2 GI's Face Execution For Iraq Rape-Murder

Eight soldiers from the U.S. Army's 101st division will be court-martialed for murdering Iraqi civilians, including two who face the death penalty for allegedly raping an Iraqi girl and killing her and her family, the military ordered Wednesday.

Military authorities said they would seek the death penalty against Sgt. Paul E. Cortez and Pfc. Jesse V. Spielman in connection with the March rape and murder of 14-year-old Abeer Qassim al-Janabi in her family's home in Mahmoudiya, about 20 miles south of Baghdad. The four others face a separate court martial for the alleged murder of three men near Samarra, 60 miles north of the Iraqi capital.

The rape-slaying case sparked international outrage and led to a claim by an al Qaeda-linked group that it had killed three other 101st soldiers in retaliation. It also threatened to strain relations between the United States and Iraq's new government if Iraqis perceived soldiers receive lenient treatment.

The case also increased demands for changes in an agreement that exempts U.S. soldiers from prosecution in Iraqi courts.

Spielman's attorneys expressed shock that their client faces a death penalty, citing evidence discussed during a hearing in August that indicated he was not in the house when the rape and murders occurred.

"Even according to the government's evidence that they're putting forth, Jesse isn't even a principal in murder and rape," said Craig Carlson, Spielman's attorney. "It surprises me that they're treating him like they're treating Green."

Spc. James P. Barker and Pfc. Bryan L. Howard are also accused in the rape and murders but will not face the death penalty, the military said in a statement.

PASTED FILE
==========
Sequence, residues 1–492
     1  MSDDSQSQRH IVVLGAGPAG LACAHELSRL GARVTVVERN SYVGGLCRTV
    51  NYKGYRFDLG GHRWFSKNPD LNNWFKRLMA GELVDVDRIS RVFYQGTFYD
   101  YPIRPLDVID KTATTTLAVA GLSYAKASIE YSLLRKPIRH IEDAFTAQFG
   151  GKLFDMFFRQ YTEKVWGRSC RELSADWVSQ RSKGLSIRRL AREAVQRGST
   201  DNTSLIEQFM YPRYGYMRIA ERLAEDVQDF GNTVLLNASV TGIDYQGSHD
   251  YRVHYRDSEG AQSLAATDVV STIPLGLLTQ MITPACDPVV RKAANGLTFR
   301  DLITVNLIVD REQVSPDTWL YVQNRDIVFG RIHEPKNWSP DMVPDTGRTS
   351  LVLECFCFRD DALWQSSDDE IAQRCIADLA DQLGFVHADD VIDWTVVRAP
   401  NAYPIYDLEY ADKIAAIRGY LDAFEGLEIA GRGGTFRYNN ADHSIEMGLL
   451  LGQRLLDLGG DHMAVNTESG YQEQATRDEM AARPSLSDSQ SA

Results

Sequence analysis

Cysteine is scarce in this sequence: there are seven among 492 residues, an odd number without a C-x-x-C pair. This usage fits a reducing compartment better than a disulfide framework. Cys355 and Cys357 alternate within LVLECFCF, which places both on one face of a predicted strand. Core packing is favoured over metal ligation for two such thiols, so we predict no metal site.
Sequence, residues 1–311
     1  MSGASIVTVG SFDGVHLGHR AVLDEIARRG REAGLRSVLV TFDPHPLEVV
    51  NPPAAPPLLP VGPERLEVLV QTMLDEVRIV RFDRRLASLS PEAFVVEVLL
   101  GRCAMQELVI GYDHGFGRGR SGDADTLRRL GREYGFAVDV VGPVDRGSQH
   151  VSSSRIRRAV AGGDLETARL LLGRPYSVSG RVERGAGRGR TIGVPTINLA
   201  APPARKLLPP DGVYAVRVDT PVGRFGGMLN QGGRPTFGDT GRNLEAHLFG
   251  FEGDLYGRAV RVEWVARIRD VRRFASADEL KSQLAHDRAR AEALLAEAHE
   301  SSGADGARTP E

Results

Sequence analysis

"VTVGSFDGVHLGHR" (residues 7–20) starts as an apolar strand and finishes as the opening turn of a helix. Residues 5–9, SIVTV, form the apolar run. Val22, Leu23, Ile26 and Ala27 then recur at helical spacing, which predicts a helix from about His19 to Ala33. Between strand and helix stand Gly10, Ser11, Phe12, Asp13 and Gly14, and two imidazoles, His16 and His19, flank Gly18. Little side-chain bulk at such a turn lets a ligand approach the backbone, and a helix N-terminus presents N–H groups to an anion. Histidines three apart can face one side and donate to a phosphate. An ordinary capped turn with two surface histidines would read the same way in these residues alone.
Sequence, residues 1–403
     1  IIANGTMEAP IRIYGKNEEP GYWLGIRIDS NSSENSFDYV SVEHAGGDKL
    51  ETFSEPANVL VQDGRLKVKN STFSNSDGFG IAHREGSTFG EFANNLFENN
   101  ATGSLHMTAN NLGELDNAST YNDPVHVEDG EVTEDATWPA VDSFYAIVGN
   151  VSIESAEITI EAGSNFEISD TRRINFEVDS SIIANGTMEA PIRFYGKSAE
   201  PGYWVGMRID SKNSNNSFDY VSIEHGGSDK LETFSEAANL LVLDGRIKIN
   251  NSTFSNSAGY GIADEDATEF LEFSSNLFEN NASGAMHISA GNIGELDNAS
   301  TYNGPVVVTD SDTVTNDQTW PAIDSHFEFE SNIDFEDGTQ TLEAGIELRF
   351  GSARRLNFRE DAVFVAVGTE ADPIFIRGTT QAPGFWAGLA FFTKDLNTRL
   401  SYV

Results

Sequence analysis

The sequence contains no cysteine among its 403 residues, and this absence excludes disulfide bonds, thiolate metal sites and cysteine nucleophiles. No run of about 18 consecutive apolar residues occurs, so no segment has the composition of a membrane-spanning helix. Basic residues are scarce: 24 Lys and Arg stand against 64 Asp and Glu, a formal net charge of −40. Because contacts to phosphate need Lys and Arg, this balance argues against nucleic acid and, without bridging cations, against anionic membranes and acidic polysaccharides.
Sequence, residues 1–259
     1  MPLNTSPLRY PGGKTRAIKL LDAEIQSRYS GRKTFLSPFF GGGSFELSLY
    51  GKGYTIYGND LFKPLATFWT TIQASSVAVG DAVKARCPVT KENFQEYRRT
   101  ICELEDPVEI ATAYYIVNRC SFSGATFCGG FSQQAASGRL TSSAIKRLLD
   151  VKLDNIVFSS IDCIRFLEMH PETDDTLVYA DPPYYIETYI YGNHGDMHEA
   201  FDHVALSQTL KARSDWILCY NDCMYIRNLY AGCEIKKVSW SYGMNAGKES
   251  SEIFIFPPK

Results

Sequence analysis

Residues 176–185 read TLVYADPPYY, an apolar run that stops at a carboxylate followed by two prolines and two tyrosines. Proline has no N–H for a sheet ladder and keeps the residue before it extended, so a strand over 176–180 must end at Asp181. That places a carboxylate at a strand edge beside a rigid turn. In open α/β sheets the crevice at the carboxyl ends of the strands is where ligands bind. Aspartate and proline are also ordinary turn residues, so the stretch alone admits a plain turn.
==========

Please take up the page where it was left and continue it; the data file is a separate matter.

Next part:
Former Pvt. Steven Green, who was discharged for a personality disorder and arrested in North Carolina, will be tried in federal court in Kentucky. In affidavits, Green was described as a central figure to the rape and murders.

Green has pleaded not guilty to one count of rape and four counts of murder.

Military prosecutors have said the five — all from the division's 502nd Infantry Regiment — planned the attack from a checkpoint near the family's home, changed their clothing to hide their identities and set the girl's body on fire to destroy evidence.

Mahmoudiya is part of the so-called "triangle of death" a region known for numerous attacks by insurgents, and the soldiers' unit suffered months of bombings and shootings that felled dozens of comrades.

Defense attorneys have argued that soldiers of every rank were emotionally ragged and strained.

In the other case, Pfc. Corey R. Clagett, Spc. William B. Hunsaker, Staff Sgt. Raymond L. Girouard and Spc. Juston R. Graber are accused of murdering three Iraqi men taken from a house May 9 on a marshy island outside Samarra, about 60 miles north of Baghdad.

Meanwhile, three Camp Pendleton Marines will face courts-martial on murder and kidnapping charges in the death of an Iraqi man in the town of Hamdania, but will not face the death penalty, the Marine Corps said Wednesday.

The three were among seven Marines and one Navy corpsman charged with kidnapping and killing 52-year-old Hashim Ibrahim Awad last April.

Lance Cpl. Tyler Jackson, Lance Cpl. Robert B. Pennington and Cpl. Trent D. Thomas will also face charges including conspiracy, housebreaking and larceny.

On. Oct. 6, Petty Officer 3rd Class Melson J. Bacos, a Navy corpsman on patrol with the Marines, pleaded guilty to kidnapping and conspiracy under a deal with prosecutors. He agreed to testify at his court-martial and during upcoming proceedings about what he witnessed.

Since the start of the Iraq war in 2003, at least 14 members of the U.S. military have been convicted in connection with the deaths of Iraqis. Two received sentences of up to life in prison, while most others were given little or no jail time.